Anyway, long story short: I researched PC building for a couple of months before choosing my parts on PCPartPicker. It’s an incredible website. You absolutely want to use this when you build your PC. Philip, the guy who created it, is a genius. In January of 2013, I had received all my parts and decided to build. I used PCPartPicker’s build videos as a reference and it was a lot of fun.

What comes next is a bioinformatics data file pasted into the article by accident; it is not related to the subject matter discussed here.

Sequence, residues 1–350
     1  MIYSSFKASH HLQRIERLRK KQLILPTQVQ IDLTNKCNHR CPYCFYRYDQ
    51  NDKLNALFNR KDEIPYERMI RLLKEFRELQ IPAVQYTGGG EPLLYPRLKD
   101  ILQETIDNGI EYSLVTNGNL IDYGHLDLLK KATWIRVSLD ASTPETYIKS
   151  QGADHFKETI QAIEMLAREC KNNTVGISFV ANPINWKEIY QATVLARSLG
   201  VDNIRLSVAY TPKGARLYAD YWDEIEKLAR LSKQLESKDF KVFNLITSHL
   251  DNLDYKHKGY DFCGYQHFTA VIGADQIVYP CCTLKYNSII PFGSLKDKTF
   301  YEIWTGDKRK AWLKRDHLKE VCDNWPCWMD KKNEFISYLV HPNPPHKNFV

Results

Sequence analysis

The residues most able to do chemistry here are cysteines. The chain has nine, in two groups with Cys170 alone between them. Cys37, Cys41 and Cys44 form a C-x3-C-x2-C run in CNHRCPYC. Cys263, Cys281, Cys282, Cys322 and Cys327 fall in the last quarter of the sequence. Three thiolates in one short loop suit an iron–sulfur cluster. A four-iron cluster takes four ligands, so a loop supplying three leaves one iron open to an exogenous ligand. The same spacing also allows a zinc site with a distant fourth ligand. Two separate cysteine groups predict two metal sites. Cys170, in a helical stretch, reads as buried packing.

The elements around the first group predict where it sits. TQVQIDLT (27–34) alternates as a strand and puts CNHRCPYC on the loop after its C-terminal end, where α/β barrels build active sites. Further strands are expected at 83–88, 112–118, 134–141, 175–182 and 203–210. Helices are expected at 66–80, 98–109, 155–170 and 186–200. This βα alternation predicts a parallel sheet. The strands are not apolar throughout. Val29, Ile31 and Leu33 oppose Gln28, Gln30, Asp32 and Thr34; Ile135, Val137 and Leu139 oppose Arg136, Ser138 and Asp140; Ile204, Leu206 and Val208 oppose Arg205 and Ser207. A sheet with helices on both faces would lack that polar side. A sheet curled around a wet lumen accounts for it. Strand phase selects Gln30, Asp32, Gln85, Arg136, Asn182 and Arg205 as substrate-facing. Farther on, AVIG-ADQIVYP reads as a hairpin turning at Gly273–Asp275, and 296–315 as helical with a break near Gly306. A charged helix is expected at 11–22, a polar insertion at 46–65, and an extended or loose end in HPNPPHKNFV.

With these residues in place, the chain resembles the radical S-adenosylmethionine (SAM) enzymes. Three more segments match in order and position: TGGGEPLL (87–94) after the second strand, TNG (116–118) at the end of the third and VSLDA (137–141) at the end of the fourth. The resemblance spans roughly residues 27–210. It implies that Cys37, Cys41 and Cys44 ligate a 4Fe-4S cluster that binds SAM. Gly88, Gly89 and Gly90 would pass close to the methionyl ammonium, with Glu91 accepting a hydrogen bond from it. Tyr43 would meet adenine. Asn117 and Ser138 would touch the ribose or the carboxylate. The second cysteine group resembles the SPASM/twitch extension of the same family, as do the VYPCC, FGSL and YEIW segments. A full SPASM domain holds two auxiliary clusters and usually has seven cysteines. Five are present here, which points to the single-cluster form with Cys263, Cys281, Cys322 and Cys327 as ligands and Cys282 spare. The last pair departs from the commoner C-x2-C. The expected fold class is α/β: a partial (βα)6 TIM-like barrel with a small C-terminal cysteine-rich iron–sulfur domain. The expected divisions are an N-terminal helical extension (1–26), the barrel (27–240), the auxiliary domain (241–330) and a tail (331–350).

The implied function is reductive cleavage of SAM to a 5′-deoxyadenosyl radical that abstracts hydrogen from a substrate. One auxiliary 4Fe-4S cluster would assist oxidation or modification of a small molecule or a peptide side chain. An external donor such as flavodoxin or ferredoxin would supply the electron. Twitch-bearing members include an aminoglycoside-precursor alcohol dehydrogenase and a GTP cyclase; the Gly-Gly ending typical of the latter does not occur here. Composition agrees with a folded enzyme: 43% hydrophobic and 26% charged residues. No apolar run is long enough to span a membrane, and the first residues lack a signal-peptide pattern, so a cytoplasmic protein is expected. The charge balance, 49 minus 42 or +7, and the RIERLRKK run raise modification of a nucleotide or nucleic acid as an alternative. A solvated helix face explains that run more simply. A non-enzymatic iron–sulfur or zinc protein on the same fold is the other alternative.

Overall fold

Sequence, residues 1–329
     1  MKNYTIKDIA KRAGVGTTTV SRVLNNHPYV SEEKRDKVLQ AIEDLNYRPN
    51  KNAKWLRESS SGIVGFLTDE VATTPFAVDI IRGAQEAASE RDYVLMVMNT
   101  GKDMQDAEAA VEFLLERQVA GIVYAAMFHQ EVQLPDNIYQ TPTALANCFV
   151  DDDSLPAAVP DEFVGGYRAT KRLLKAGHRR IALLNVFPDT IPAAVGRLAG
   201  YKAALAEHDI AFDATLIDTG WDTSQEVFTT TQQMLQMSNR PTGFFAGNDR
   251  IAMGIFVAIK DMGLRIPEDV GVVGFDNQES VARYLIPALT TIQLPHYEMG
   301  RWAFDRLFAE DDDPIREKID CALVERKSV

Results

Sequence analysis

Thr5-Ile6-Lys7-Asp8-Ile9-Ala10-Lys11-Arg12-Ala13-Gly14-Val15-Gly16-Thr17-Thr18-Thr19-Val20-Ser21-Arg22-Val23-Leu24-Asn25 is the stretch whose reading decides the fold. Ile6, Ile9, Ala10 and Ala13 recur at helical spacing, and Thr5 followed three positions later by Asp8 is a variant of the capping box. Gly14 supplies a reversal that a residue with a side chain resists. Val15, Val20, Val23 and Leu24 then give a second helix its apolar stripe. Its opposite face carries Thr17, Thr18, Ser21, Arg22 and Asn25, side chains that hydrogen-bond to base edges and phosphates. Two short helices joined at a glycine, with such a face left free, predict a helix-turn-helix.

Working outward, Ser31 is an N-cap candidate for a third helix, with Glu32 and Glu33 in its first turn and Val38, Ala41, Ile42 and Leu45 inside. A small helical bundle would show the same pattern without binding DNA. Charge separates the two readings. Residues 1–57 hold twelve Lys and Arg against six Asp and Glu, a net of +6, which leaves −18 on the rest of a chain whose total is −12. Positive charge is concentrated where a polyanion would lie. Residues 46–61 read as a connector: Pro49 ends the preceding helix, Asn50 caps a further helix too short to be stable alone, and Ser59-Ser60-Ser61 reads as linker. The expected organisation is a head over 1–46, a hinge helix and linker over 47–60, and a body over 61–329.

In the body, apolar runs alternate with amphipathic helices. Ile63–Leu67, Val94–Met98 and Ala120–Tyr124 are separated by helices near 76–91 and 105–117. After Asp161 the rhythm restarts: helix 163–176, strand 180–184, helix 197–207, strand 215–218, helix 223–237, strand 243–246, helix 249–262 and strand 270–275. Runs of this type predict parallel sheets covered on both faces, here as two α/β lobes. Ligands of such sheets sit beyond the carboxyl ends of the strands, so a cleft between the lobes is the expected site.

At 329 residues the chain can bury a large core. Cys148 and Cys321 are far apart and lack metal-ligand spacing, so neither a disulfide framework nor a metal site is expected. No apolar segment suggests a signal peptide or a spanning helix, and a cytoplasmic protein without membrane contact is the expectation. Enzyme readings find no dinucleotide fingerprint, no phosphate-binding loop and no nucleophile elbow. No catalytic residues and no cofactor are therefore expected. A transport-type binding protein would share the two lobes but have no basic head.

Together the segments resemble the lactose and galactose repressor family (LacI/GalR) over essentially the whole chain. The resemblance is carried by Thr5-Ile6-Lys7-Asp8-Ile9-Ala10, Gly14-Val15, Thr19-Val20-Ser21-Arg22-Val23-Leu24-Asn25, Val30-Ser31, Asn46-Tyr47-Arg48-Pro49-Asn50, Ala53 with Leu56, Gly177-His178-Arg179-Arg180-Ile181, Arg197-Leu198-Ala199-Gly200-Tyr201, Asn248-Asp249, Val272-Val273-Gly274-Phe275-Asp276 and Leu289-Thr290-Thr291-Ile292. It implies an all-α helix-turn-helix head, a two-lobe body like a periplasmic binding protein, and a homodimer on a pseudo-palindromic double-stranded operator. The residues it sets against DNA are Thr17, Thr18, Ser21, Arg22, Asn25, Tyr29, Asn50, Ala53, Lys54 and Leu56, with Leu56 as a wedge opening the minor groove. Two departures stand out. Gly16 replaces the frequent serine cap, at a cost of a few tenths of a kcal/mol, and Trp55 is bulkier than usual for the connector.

Fast-forward to 2018. I hit a rough patch: personal problems, lost my job, etc. Not good. I needed a new project to focus on. I decided to once again learn how to build something seemingly impossible: a website. Of course, I was once again facing the same problems I had before. A lot of stuff to read and research. Web hosts, domains, WhoIs, SSL certificates, front end development, back end development, etc. But you know what? It turns out you don’t need to know all of this stuff to start building a website in 2019. Many platforms now offer a WYSIWYG (What You See Is What You Get) editor along with drag & drop functionality. There are dozens of companies to choose from, but I settled on Squarespace for 3 reasons. One, it’s the most popular one within my Internet bubble (podcasters I listen to, YouTubers I watch, and bloggers I read). Two, it’s an all-in-one solution: you can buy the domain from Squarespace, host on Squarespace, and do everything right on Squarespace. They even give you free WhoIs privacy. Three, I had a promo code. Thanks, John Gruber.